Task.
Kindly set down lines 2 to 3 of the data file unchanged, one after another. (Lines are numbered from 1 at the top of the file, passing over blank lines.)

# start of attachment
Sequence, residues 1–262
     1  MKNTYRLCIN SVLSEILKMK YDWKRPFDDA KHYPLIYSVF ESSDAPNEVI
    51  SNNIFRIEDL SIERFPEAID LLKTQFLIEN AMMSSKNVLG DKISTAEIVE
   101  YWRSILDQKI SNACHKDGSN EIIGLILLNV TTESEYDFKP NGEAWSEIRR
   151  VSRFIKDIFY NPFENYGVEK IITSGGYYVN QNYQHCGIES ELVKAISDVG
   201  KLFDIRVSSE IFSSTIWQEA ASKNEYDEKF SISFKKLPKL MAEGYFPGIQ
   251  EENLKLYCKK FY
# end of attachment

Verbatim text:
     1  MKNTYRLCIN SVLSEILKMK YDWKRPFDDA KHYPLIYSVF ESSDAPNEVI
    51  SNNIFRIEDL SIERFPEAID LLKTQFLIEN AMMSSKNVLG DKISTAEIVE